Abu Dhabi, UAESunday 31 May 2020

Beyond cyberchondria: Why we should probably stop using Siri and Alexa for health advice

We often turn to our virtual assistants when we have a medical concern, but a new study suggests we probably shouldn’t

Siri probably shouldn't be trusted to give health advice. Getty Images 
Siri probably shouldn't be trusted to give health advice. Getty Images 

Unusual health symptoms make us anxious. Ideally, our fears would be addressed and we’d be given reassurances or remedies as quickly as possible. Given the wealth of information the internet provides, it’s hardly surprising that we ­instinctively turn to it in search of answers.

Even if we know, deep down, that a Google search doesn’t replace a professional diagnosis, we do it anyway80 per cent of us, in fact, according to a study by the Pew Research Centre. Google’s data reveals 7 per cent of all searches are related to health. That works out at more than 1,000 anxious medical queries every second. There’s even a name for it: cyberchondria. With dozens of worries playing on our minds and no immediate answers, we lean on technology to fill the information vacuum.

We’ve even started to turn to smart speakers and digital assistants. Forums on Reddit show the rather inconsistent experiences of people who have used their devices for, say, reassuring ageing parents.

The data is no different to an online search – but do we inherently trust it more because the human voice has more credibility?

Christopher Picard, University of Alberta

So a team of researchers at the University of Alberta tested the four biggest virtual assistants – Google Assistant, Amazon’s Alexa, Apple’s Siri and Microsoft’s Cortana – to establish whether they were up to the job.

They asked 123 questions across 39 first aid topics and found the results to be “highly variable”. Alexa and Google Assistant had “low to moderate congruence with guidelines”. Cortana and Siri’s responses were so poor it “prohibited their analysis”. The subtext of the study? To treat advice obtained via technological means with caution.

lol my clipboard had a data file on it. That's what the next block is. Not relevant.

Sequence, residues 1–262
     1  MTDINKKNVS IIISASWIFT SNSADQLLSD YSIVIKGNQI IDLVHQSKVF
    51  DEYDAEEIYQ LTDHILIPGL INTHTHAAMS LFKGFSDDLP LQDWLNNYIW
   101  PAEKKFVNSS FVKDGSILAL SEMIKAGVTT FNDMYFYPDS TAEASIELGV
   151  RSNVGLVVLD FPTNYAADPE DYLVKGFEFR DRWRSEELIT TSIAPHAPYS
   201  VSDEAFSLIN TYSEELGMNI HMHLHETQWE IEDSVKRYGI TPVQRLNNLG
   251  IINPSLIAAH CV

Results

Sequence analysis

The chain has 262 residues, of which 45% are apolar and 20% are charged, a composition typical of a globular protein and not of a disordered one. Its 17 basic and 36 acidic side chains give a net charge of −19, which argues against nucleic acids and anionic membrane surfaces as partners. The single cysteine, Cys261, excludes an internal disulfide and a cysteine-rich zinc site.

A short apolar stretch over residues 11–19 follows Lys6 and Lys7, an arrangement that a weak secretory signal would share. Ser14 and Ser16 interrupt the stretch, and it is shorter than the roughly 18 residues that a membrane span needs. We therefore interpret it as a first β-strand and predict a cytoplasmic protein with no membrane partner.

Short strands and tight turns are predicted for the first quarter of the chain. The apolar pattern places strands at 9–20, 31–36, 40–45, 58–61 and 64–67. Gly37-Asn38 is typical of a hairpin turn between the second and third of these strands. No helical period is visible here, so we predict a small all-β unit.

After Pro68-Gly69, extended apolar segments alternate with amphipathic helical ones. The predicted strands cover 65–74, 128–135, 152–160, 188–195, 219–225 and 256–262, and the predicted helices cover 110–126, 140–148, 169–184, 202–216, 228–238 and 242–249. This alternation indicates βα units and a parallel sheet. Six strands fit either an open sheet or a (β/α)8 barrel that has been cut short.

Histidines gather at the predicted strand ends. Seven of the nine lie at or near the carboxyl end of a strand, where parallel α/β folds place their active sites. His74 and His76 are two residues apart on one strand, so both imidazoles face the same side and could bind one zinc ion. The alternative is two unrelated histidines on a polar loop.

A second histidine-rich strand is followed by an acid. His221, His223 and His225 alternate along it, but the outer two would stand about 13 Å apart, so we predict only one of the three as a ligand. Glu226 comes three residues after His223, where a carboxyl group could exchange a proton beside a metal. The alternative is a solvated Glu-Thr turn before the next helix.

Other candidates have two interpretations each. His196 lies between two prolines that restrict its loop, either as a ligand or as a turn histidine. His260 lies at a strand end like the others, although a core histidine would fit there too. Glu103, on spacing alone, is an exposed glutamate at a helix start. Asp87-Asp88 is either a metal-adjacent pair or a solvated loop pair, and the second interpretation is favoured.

It’s a worry that echoes throughout the medical profession. “While Google certainly has a vast quantity of information, it lacks discernment,” a nurse wrote on the American website Healthline. “While it’s pretty easy to find lists that sound like our symptoms, we don’t have the medical training to understand the other factors that go into making a medical diagnosis, like personal and family history. And neither does Dr Google.”

Essentially, we plough through information and guess what might be applicable. Then, depending on our personalities, we either focus on the ominous stuff or reassure ourselves with the benign stuff. Smart speakers and virtual assistants trawl through exactly the same information, but algorithms tell them what’s likely to be reliable. “By and large, their sources of information were credible,” says Christopher Picard, a co-­author of the University of Alberta study. “Mayo Clinic came up a few times, as did WebMD, which are better than most.”

... and neither should Amazon's Alexa. AP Photo.
Amazon's Alexa can't necessarily be trusted for health advice. AP Photo.

But can we trust the decisions our digital assistants make on our behalf? Google recognised years ago that the sheer quantity of health searches gave them a moral and social responsibility to improve the results. In 2015, it began using its Knowledge Graph to pull out authoritative information for about 900 complaints, and presenting it in a box at the top of the results page.